Nimrita Kaur, student and then teacher of Yoga Jap Studio, professional translator, soon became the very first person to read my works, due to her ability to turn them from “Sujanese” (a mix between Italian, English and what I could understand of some of Yogi Bhajan’s complex quotes) into a better Italian!

Mahanbir Kaur, student and then teacher of Yoga Jap Studio, is a real “Italian language lover” and she is our eyes always searching for an easier and more understandable way to deliver Yogi Bhajan’s teachings in Italian.

Siri Akal Kaur, student and then teacher of Yoga Jap Studio, offered her support… and two eyes more have been more than welcome for a double check of proofreading, as misprints seem to multiply as gremlins do!

Alessandra Merigliano, a professional proofreader and Mahanbir Kaur’s friend, “moved” from being a reader of our books to a proofreader of the new ones (she’s the only one outside “Yoga Jap” Studio, as she attends another Kundalini Yoga Studio here in Rome, the “Yoga Sat” one, run by Guru Gopal Kaur and Sadhana Singh).

…and finally, in our last three books translated, Nirvair Charan Singh gave us his precious help. 

We respect few rules: we translate what we like the most, we do it when we can (the only deadline is “when we’ll be able to do it”) and we do it for free. Yes, for free.

As me and Jot Prakash decided to translate just for our pleasure, a “bigger” Energy sent us people with our very same idea of sharing, so we never had to discuss about this topic (simply, it would be too strange for us to do something differently!).

We take each copy of the book we worked on (a right prize for our efforts!), we set aside just a small part of our profit (what is necessary for our next projects, to follow up the old ones and to support the Yoga Studio if needed) and all the rest goes to charitable organizations we totally trust in ( this is our way to give back to people really in need a part of what we took thank to Yogi Bhajan’s teachings (and maybe this is one of the reasons why I care for our work so much, as I see how much love and real selflessness are behind it – not mine, of course, as my original motive was just that I wanted to read Yogi Bhajan’s teachings in Italian!). 

Will it be that way forever? Who knows… Now it works fine, but there is still room for improvement!

Finally, I want to thank the buyers of our books, as they give us the opportunity to keep up and to continue this work of sharing (also for their words of support and encouragement, a real nourishment for our souls!).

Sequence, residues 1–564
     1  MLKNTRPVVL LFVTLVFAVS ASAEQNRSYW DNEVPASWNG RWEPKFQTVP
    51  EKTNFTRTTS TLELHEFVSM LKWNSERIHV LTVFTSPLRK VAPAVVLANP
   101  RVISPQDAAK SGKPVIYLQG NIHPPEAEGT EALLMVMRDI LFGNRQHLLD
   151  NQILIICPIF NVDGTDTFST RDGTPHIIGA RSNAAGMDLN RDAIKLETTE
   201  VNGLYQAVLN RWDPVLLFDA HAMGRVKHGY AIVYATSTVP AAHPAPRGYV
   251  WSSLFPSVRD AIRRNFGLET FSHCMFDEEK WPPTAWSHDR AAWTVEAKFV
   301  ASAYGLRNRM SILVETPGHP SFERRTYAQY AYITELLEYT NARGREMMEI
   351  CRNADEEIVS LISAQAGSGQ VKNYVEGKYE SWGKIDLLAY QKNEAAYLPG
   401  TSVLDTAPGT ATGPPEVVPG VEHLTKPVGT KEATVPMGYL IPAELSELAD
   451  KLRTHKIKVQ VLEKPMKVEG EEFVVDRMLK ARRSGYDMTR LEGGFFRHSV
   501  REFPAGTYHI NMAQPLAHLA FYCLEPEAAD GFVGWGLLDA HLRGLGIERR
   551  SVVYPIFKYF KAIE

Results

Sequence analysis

“Be simple, be straight and do it with a smile”


Please, do not disturb me (as I try to do my best not to disturb other people) and, please, do not make a fool of me (just real friends can do it).


The next one I’ll translate 😉


A quiet one, better if close to the sea.


My first teacher has been Hari Singh, then I’ve studied with Guru Shabad Singh as well, but a special place in my heart is for Sada Sat Singh, a real example of what a teacher is and how a teacher should be, being him able to mix the spiritual realm with the day by day reality: a real and smiling warrior!

…and from other sides of my life, if a writer can be a teacher, I can’t forget Richard Bach and his inspiring books: just different ways, compared to Yoga teachings, to tell us that we are something more than just our physical body!


Sirgun Kaur (please, listen her recording of “Akhan Jor” or “I am the Light of my Soul” with Sat Darshan Singh), Wahe Guru Kaur (her triple CD “Japji Sahib” is a real jewel, as well her version of “Har Har Wahe Guru” mantra), Guru Ganesha Singh (I adore his “rock” inspiration), Sat Purkh Kaur (have you ever listened to her recording of “Jai Ma”?), Ram Dass (his CD “The Alchemist’s Prayer” is one of my favourite), Sat Shabad Singh (his “Guru Mantra” from the CD “Guru” is an instantaneous anahata-opener), Sada Sat Kaur (for the devotion she’s able to inspire through her music), Siri Kartar Kaur (such an energy in her Kirtan!), Simran Kaur & Guru Prem Singh (for the sweet melodies they are able to
create), and I apologize as I’m surely forgetting someone else (Gurunam Singh, Snatam Kaur, Sat Kirin Kaur etc.) as I am in debt with all the musicians who give their art and their spirit to share the sacred science of mantra!


Cup of herbal tea or rice-milk, bread with jam or muesli.


Thank you Ram Nam Singh for arranging this beautiful interview!

6 years ago